(2) The sexually transmitted parasite Trichomonas vaginalis and related trichomonadsT. vaginalis is the most common non-viral STI, and causes ~249 million cases per year world-wide. It is associated with increased risk of HIV-1 infection, and serious complications during pregnancy. Other trichomonads include Trichomonas tenax found in the mouth, Pentatrichomonas hominis a zoonotic gut parasite, and Tritrichomonas foetus a serious venereal pathogen that causes abortion in cattle.

(3) Other fascinating parasites such as species of the enteric pathogen Cryptosporidium, the bovine parasite Theileria, and Babesia.

Our research often begins with generation of a resource such as sequencing, assembly and annotation of a parasite’s genome. For example, we have been involved in the sequencing of P. falciparum [1], species of rodent malaria (Plasmodium yoelii yoelii [2], Plasmodium chabaudi chabaudi and Plasmodium berghei [3]), several strains of P. vivax [4, 5], several strains of the monkey malaria Plasmodium cynomolgi [6], and the first T. vaginalis genome [7].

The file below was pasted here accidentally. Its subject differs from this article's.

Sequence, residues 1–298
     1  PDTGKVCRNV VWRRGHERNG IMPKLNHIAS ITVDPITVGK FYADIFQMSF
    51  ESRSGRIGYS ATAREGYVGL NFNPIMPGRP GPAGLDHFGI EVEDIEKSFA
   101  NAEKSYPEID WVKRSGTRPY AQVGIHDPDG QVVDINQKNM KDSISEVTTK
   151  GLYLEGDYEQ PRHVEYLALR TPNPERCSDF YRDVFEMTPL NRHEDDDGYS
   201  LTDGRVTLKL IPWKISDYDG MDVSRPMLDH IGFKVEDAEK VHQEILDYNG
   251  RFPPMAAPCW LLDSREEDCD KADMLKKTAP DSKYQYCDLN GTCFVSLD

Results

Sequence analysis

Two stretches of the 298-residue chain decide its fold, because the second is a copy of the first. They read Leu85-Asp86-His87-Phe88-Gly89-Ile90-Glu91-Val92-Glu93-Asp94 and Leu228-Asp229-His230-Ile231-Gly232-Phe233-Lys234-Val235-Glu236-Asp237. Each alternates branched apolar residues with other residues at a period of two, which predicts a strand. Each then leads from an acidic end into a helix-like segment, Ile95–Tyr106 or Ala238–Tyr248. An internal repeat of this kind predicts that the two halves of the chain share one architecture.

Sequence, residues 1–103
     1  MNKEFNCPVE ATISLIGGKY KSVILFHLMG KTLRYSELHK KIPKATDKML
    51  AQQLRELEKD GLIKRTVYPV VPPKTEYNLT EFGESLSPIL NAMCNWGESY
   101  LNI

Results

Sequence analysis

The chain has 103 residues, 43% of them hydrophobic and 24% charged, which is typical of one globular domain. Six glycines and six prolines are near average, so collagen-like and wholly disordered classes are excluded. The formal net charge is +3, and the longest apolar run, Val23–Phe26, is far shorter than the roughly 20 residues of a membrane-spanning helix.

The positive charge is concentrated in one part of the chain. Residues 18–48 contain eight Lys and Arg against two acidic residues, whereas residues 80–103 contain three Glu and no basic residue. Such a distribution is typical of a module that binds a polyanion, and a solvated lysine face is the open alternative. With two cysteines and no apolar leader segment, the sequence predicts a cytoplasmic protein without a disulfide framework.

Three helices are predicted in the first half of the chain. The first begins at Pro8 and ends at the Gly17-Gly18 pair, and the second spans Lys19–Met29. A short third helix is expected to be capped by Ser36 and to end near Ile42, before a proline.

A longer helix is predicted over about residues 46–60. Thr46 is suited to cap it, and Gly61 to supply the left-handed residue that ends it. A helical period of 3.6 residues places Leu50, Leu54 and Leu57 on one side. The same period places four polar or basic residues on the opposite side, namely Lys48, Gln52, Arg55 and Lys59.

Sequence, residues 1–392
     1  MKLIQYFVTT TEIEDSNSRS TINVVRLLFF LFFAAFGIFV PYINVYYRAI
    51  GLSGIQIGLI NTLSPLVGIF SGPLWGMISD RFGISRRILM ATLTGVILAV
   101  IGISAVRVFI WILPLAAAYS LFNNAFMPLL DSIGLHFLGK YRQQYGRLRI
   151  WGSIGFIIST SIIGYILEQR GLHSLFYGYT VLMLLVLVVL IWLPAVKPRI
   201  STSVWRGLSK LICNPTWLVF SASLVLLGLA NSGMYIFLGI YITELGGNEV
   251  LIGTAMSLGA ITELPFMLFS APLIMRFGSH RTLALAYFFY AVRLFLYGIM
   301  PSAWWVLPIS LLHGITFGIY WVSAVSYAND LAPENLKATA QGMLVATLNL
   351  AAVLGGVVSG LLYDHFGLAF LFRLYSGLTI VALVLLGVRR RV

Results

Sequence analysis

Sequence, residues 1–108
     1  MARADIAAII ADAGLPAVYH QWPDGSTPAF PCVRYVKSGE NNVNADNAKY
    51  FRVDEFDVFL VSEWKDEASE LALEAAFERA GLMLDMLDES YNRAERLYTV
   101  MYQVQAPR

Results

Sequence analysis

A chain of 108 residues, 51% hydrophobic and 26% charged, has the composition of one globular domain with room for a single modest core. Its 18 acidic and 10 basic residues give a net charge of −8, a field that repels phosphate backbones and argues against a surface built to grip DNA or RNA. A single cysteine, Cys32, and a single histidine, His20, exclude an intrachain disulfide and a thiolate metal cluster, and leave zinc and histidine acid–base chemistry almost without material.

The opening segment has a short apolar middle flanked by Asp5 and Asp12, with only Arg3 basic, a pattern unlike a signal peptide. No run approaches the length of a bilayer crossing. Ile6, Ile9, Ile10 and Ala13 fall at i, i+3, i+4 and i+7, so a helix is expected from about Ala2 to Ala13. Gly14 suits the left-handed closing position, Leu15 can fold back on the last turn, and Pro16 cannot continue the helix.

Selected Publications

Carlton Publications

  1. Small RNAs Are Implicated in Regulation of Gene and Transposable Element Expression in the Protist Trichomonas vaginalis. Warring SD, Blow F, Avecilla G, Orosco JC, Sullivan SA, Carlton JM. mSphere. 2021 Jan 6;6(1):e01061-20. doi:10.1128/mSphere.01061-20. PMID: 33408230; PMCID: PMC7845603.

  2. Population genomics studies identify signatures of global dispersal and drug resistance in Plasmodium vivax. Hupalo DN, Luo Z, Melnikov A, Sutton PL, Rogov P, Escalante A, Vallejo AF, Herrera S, Arévalo-Herrera M, Fan Q, Wang Y, Cui L, Lucas CM, Durand S, Sanchez JF, Baldeviano GC, Lescano AG, Laman M, Barnadas C, Barry A, Mueller I, Kazura JW, Eapen A, Kanagaraj D, Valecha N, Ferreira MU, Roobsoong W, Nguitragool W, Sattabonkot J, Gamboa D, Kosek M, Vinetz JM, González-Cerón L, Birren BW, Neafsey DE, Carlton JM. Nat Genet. 2016 Aug;48(8):953-8. doi: 10.1038/ng.3588. Epub 2016 Jun 27. PMID: 27348298; PMCID: PMC5347536.